Getting At The Components Of Mechanotransduction: Genes Required For Vertebrate Sensory Hair Cell Function Identified

March 16, 1998

Although researchers know a great deal about the biophysical basis of hearing, not much is known about the molecules which are required for mechanotransduction in vertebrate sensory hair cells. In Christiane Nüsslein-Volhard's laboratory at the Max Planck Institute of Developmental Biology in Tübingen/Germany, a new study on zebrafish mutants with problems in balance has lead to the identification of eight genes which are required for inner ear and lateral line function. Five of these genes appear to have a specific role within sensory hair cells since they are required for the production of extracellular potential generation, a measure of hair cell function.

The results of the study can be found in the February issue of Neuron (Nicolson et al. 1998). A strong point of the work is the analysis of the zebrafish mutants at different levels of neurobiology, from behavior and anatomy to physiology. This was achieved by fruitful collaboration between scientists at the Max Planck Institute of Developmental Biology and the Ear, Nose, and Throat Clinic in Tübingen, Germany.

The zebrafish vestibular/auditory mutants are similar to mice shaker/waltzer type mutants in that they also make circular motions and have problems with maintaining balance. Behavioral tests suggest that some of these zebrafish mutants do not sense gravity, i.e. they swim as if they are in a weightless environment. A major advantage of using zebrafish to study the inner ear is the transparency of the larval organ which allows researchers to directly view sensory hair cells in live fish. In addition, the transparent larvae are suitable for imaging of neuronal activity within the brain and peripheral nervous system.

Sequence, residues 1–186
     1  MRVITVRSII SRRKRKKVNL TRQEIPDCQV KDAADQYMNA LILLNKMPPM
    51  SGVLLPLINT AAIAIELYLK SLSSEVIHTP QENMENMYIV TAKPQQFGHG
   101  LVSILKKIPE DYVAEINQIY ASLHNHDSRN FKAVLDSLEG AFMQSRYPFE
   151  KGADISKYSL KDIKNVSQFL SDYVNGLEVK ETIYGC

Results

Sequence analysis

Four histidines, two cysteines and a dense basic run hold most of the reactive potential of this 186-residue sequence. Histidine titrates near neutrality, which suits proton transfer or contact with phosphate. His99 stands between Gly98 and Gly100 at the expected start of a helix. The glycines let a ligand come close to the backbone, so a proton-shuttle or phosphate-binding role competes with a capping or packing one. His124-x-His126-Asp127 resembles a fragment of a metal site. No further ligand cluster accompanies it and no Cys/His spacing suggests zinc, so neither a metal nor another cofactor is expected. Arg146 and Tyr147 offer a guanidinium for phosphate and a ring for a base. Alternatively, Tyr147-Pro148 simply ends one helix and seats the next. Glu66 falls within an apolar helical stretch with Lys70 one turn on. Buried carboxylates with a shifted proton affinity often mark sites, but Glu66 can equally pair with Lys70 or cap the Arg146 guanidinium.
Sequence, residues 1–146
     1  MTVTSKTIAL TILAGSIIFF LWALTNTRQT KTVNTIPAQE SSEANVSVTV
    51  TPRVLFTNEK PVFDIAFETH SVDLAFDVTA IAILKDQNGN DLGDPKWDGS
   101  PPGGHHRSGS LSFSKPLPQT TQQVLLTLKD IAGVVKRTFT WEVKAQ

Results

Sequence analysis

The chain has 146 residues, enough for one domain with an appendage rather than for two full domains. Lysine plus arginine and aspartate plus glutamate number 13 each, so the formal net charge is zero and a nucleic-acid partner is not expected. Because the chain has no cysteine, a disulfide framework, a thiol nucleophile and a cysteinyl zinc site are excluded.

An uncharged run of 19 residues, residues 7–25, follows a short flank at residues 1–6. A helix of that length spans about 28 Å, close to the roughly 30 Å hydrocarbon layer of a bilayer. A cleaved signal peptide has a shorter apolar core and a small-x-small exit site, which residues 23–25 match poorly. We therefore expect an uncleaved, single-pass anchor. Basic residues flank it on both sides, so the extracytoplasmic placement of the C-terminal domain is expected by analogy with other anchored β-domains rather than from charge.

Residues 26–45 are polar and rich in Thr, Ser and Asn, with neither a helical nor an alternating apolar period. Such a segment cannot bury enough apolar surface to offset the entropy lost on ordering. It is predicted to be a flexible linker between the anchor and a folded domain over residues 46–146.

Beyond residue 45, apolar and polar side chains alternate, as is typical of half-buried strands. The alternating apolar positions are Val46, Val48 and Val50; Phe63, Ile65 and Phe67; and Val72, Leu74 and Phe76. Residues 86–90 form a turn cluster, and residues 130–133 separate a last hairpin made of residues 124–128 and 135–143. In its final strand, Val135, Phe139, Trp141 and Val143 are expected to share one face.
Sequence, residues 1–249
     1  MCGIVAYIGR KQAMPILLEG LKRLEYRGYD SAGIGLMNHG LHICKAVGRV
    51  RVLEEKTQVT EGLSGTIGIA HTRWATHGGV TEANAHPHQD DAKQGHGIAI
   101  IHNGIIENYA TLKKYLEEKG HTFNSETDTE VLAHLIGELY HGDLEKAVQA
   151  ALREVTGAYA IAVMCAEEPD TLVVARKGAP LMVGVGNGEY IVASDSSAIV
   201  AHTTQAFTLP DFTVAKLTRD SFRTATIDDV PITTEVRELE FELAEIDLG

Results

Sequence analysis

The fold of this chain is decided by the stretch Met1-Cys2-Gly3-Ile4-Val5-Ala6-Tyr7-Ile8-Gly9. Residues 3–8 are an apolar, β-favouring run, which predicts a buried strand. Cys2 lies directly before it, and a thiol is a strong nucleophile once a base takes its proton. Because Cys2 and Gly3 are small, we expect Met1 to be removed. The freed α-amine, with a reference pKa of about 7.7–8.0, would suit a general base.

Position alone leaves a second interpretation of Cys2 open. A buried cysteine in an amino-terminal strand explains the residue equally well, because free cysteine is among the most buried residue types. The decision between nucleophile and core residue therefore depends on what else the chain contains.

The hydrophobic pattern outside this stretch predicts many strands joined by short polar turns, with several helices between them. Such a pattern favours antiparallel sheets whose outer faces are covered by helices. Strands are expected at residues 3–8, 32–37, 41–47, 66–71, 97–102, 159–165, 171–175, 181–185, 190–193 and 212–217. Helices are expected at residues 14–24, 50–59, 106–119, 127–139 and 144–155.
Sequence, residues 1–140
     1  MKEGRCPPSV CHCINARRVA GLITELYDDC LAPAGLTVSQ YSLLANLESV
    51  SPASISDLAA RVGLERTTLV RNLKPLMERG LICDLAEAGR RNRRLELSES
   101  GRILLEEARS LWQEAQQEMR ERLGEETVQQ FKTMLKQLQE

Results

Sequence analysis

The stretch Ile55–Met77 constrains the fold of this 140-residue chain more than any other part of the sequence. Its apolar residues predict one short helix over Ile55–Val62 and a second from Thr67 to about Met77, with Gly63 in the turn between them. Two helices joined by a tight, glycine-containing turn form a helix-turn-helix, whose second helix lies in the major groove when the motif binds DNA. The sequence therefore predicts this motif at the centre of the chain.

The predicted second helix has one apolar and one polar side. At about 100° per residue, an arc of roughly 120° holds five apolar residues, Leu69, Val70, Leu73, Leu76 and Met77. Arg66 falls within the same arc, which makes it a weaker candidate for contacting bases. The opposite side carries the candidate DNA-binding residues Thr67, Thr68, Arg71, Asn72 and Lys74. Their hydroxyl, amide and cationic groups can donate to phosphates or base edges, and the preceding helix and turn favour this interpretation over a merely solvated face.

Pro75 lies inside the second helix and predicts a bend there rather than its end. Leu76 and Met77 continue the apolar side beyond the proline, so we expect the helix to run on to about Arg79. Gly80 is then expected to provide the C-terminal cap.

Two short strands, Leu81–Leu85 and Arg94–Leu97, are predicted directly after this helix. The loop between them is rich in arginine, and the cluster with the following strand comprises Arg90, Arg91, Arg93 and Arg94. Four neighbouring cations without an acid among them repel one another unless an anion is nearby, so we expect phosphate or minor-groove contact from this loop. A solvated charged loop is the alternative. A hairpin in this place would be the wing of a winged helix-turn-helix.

Localization of the defects to the sensory hair cells or primary neurons in the mutants was achieved by a non-invasive technique of labeling early embryos with a fluorescent calcium indicator and subsequent imaging of calcium transients in hindbrain neurons in response to vibrational stimuli. Further physiological studies of mechanosensation in the sensory hair cells in the larval lateral line (which are very similar to inner ear sensory cells) narrowed the defects down to the level of mechanotransduction in five of the mutants. Future work will be devoted to cloning the genes with the hope of gaining insight into the molecular basis of mechanotransduction in vertebrates.

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Max-Planck-Gesellschaft

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